Going into the draft this year the Vikings had a number of pressing needs on the offensive side of the ball, quarterback, and wide receiver being the main two. However last years defense was widely thought of as being quite stout, especially against the run. But as the year dragged on teams became aware that it was possible to abandon trying to run the ball against what was the NFL's top rated rush defense and instead throw the ball. This trend began in week _ when the Vikings faced the Patriots. Bill Belichek came into the game with the plan and Tom Brady executed it to perfection, picking apart the Vikings secondary time and again as the Vikings defensive front seemed incapable of applying pressure. The trend would continue on throughout the season and would cost the team many games.

So with this years NFL draft shaping up quite well for the team with good players at many areas of need including two possible franchise quarterbacks, (Russell and Quinn), a franchise wide receiver (Johnson), and two legitimate star prospects at defensive end (Gaines Adams, and Jamaal Anderson). We all know who the Vikings went with in that first pick, and few including myself are disappointed. However the Vikings then waited until the fourth round to address their defensive end situation. With that pick they took Brian Robison, a speed defensive end who I've heard many think could become a Lance Johnstone. And while that certainly isn't bad, its not the type of impact player the team really needs. Regretfully to say before this draft the Vikings have blown a couple of first round picks on would-be star defensive ends including Kenechi Udeze, and Erasmus James. While I qualify James as a bust, he certainly has the talent to emerge as a capable or even dominant end, but his numerous knee injuries make the likelihood of his being a bust far greater than his chances of becoming the player his talent had promised.

With all of that having been said, I'll be taking a look at one of the Vikings defensive ends every day for next week to help you get to know the guys and what I expect from them this season. Today we begin with Kenechi Udeze.

Kenechi Udeze: #95/6'3"/281/USC/20th overall pick of 2004 draft:

College: Three year starter on vaunted USC national championship teams. Started off as defensive tackle but made move to D-end as a redshirt freshman. Totaled 28 sacks in his collegiate career, including 16.5 in his final year as a Junior. His 28 sacks were also a USC record. All-Pac 10, made numerous All-American team.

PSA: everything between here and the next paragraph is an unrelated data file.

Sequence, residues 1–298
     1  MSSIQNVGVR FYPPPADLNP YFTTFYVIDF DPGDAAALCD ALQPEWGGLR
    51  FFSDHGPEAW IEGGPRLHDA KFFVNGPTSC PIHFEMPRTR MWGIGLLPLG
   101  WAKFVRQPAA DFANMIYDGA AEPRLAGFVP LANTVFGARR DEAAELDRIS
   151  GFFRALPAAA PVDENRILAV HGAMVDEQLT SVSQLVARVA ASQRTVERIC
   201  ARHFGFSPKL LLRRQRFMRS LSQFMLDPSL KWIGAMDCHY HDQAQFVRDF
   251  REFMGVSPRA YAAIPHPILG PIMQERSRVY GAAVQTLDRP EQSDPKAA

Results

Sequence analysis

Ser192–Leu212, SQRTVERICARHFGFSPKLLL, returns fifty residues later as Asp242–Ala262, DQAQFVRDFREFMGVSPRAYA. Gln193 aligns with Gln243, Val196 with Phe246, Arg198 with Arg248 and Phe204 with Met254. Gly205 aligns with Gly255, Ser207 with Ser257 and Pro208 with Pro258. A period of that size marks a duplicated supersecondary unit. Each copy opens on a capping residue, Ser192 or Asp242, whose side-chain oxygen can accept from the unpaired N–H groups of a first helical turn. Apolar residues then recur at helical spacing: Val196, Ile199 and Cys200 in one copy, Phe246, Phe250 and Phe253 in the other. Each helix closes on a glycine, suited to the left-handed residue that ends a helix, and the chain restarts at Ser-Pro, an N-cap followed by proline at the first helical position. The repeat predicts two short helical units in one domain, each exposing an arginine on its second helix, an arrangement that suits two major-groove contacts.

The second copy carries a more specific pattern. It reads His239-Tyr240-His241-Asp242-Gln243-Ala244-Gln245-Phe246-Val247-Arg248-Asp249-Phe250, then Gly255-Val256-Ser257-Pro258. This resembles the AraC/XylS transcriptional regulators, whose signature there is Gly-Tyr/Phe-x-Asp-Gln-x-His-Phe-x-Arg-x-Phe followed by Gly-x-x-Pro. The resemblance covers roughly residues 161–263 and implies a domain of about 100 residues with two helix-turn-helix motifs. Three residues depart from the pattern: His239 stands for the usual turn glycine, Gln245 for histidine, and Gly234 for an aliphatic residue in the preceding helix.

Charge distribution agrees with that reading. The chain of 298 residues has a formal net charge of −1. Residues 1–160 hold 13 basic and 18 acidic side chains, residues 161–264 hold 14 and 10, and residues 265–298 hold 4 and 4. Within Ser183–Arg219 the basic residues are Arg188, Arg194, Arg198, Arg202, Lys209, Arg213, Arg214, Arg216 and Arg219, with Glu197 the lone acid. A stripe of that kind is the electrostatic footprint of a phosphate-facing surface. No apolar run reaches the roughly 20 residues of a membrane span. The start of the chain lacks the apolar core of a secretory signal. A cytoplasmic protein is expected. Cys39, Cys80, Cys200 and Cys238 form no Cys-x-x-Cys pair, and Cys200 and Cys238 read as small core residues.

Pro Career: In his first season Udeze showed some promise as he recorded 36 tackles and had five sacks while starting fifteen games. However his sack numbers were immediately disappointing and it was apparent that he lacked high-level NFL burst to go around offensive tackles which meant he usually had to bull through blockers to reach the ball carrier.

In the third game of the 2005 season Udeze suffered cartilage damage to his left knee and would miss the remainder of that season. He registered only one sack.

Last Year: Depending on how you look at it, Udeze either had a promising season or a very bad one. While he rebounded from his injury to start 15 games, its questionable whether he belongs as an NFL starter. The upside? He led the team in tackles for a loss with 13 and was second in quarterback hurries with 41. The downside? He had no sacks, and that is completely unacceptable for an NFL defensive end, where 8 should be the minimum number expected from a quality DE.

The forecast: I wouldn't expect Udeze to be held sackless once again given the number of times he hurried the quarterback as some of those numbers are sure to translate into sacks. But I also wouldn't expect him to break out as a solid pass-rusher. That said, he is probably one of the top 20 run-stopping defensive ends in football, but is that enough? I'll predict 30-25 tackles with 10 for a loss, but still only 3 sacks.

Sunday, May 6, 2007

Rookie Preview: Marcus McCauley

While most in Viking nation are excited about the offensive prospects for the team with first round pick Adrian Peterson and second round pick Sidney Rice sure to add some explosiveness to what was one of the worst offenses in football last year, the Vikings also drafted a superbly physically gifted cornerback in the third round who I think is being seriously overlooked. That player is Marcus McCauley.

With the Vikings running the wildly popular Tampa Cover 2 defense McCauley is a perfect fit. He's has prototype size at, 6-1, 205, and he's very athletic, running a 4.39-40 in the combine. His physical talents have often been said to be first round quality but his senior year at Fresno State was terrible as he gave up numerous big plays and was eventually benched. He'll certainly be a project for the Vikings coaching staff but there is little doubt in the minds of anyone that he has the talent to be a #1 type corner. His size in particular could be of use in the central against the Lions with big receivers Roy Williams and Calvin Johnson. I for one would love to see that matchup, especially if McCauley can pull it together. The other thing a larger corner such as McCauley does it enables the Vikings to slide smaller corner Antoine Winfield inside where he could be used to blitz the quarterback, an under-rated skill of his.

Despite his fantastic physical gifts scouts have consistently said that he seems to lack the ability to anticipate the play, and often seems lost on the field. says...

"Did not consistently play aggressive football as a senior. Bit on play action passes, pump fakes and showed minimal instincts last year. Slow getting his head back around then positioning himself against opponents to make a play on the ball."